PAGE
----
Every time I page through a magazine I rarely see pictures of women that are neither skinny nor fat. The only time I spot real women is when there is an article for which they have actually chosen real readers for some sort of makeover or when they are trying to prove some point about real women. All the professional pictures and advertisements use women that are incredibly skinny. And this, ladies and gentlemen, I find to be the sole reason why every female has an issue about her image.
It may be your legs, you stomach, your boobs, you butt, your arms or even your toes (I have to admit to even having a complex about my chubby fingers.) Every girl, and I say girl because I am not too sure about they guys, has some issue with her body. These are issues that we will always have despite the fact that others may assure us that our complex’s are completely ridiculous.
The truth is that every single person in the world is different and that is a beautiful gift that each and every one of us has been given. The gift of individuality. So why do we all want to look the same?
I know I do, when I see those models in the magazines or the actresses on television I want to look just like them. I want legs like theirs and a defined stomach like theirs, but the truth of the matter is that I will never look like them. Even if I lost all the weight that was possible and this is because I am not them. I never will be either. I have my own body, which I should be grateful for; I shouldn’t slate myself everyday because I don’t look like some stereotype. Who wants to be a stereotype? What I should want to be is, different, which I am and., which each and every one of us are.
We are real women, and just like every thing in life, we are not perfect and to be honest, there is no perfect body either. We may think that the girl who is so tall that her head seems as if it is in the clouds with legs like ripple free tributaries leading into the fabulous river that is her flawless, flabless figure is perfect, but who is the judge of what is perfect anyway?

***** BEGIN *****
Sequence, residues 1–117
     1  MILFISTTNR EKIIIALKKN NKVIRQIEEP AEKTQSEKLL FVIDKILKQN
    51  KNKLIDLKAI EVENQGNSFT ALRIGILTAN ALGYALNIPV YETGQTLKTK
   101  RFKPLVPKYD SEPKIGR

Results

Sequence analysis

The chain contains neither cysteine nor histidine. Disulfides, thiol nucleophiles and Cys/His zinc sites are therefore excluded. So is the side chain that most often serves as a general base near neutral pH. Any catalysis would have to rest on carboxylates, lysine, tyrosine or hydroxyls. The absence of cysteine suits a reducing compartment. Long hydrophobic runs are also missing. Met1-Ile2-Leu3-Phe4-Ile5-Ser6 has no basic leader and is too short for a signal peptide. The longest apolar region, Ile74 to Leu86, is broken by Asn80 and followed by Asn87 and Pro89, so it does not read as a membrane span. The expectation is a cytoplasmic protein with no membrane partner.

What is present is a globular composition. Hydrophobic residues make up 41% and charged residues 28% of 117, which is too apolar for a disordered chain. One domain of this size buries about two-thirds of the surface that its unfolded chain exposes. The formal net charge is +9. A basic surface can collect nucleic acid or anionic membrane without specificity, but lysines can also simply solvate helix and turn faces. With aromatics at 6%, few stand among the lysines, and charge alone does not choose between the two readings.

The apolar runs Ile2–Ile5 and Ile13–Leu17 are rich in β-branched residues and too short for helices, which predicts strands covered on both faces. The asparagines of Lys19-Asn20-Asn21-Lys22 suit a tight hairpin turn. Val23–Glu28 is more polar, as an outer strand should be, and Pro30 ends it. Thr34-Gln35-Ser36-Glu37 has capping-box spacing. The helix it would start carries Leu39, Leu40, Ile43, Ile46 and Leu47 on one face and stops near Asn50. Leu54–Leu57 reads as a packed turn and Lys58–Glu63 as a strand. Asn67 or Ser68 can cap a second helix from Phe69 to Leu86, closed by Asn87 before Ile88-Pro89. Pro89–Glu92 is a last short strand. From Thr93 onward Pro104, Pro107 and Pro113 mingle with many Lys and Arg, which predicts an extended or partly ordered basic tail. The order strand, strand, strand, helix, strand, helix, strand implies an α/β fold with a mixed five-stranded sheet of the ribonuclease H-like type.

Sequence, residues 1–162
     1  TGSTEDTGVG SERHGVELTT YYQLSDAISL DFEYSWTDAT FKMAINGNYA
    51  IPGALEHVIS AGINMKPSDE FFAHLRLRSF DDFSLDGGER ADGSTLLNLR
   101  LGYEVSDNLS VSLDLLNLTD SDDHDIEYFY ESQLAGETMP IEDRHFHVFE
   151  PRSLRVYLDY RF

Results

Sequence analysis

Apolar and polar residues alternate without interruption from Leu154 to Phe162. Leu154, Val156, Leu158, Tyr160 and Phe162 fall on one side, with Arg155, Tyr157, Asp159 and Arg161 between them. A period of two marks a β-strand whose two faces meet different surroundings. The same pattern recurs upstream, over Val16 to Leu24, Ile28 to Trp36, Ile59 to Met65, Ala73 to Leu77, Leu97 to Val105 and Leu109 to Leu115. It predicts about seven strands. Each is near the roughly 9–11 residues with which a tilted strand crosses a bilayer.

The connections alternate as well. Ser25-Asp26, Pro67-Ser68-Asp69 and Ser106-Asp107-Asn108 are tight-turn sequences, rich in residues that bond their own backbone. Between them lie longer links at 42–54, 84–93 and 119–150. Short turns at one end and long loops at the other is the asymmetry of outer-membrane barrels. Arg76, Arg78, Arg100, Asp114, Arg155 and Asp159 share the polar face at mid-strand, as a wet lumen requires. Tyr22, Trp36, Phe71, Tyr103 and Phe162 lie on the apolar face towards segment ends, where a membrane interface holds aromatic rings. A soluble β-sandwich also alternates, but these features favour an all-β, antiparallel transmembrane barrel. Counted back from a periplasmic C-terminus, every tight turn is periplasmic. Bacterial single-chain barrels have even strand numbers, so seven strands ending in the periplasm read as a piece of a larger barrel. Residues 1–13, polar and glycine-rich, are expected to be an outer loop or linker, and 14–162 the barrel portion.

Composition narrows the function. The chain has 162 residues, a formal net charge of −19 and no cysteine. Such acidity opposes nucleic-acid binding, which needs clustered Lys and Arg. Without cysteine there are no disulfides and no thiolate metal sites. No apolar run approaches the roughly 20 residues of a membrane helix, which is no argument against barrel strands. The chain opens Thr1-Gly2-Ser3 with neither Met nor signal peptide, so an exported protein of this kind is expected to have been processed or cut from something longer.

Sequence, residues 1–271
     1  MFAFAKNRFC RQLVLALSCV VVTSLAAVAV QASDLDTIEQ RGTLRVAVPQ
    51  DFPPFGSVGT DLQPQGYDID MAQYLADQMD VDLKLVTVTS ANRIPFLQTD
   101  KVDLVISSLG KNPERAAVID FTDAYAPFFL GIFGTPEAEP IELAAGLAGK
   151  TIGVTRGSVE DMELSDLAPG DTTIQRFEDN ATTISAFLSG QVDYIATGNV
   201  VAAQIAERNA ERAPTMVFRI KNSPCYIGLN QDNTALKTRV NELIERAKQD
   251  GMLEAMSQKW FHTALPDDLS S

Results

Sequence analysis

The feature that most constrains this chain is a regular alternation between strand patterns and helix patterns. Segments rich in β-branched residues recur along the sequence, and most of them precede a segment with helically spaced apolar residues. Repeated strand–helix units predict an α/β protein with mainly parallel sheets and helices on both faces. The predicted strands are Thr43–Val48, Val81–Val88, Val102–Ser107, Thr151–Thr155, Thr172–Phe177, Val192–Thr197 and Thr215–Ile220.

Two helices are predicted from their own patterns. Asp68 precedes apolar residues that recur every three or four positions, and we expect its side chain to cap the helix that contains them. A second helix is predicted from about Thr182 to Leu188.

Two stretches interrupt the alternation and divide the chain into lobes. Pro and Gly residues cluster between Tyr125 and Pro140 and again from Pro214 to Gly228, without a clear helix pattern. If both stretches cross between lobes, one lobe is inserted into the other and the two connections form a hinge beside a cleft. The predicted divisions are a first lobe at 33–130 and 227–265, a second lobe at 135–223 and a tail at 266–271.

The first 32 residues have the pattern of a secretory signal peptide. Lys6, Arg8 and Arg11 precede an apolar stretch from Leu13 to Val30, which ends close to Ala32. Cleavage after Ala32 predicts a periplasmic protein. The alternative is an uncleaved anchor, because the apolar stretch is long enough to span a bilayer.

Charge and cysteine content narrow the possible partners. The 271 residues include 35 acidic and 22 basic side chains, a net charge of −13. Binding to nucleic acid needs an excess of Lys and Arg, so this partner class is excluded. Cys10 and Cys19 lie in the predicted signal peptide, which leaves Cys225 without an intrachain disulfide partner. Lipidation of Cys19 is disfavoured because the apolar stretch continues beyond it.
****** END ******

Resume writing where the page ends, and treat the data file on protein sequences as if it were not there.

No one can really afford to be the judges since no one is perfect themselves. Who is saying that women with a little curve on the hip and a little flab on the stomach aren’t perfect? We are the only people that can be the judge of ourselves. If we love ourselves and accept our figure and embrace it like it deserves to be embraced then, (and it is a fact) people will start to embrace our figure as well. Confidence is key. It really is. I will admit that confidence is not my strong point. Actually it is probably one of my weakest aspects but I am going to work on my confidence and with summer coming around what better time is there?
Looking at the pictures of models on the runway just makes me sick and incredibly sad for these women. Their knees are the widest section of their entire leg and yet they are being paid to look like this. When I see them I want to shove food down their throat and send them into counseling as these girls must have established some serious issues in their career especially if they are willing to continue living and working like this.
Marilyn Monroe is a woman that everyone knows; she is a woman that is known for being one of the sexiest women in the world. If you look at Marilyn the girls got curves and she loves them! Just because we may not fit into some typical idealized figure does not mean that there is anything wrong with us.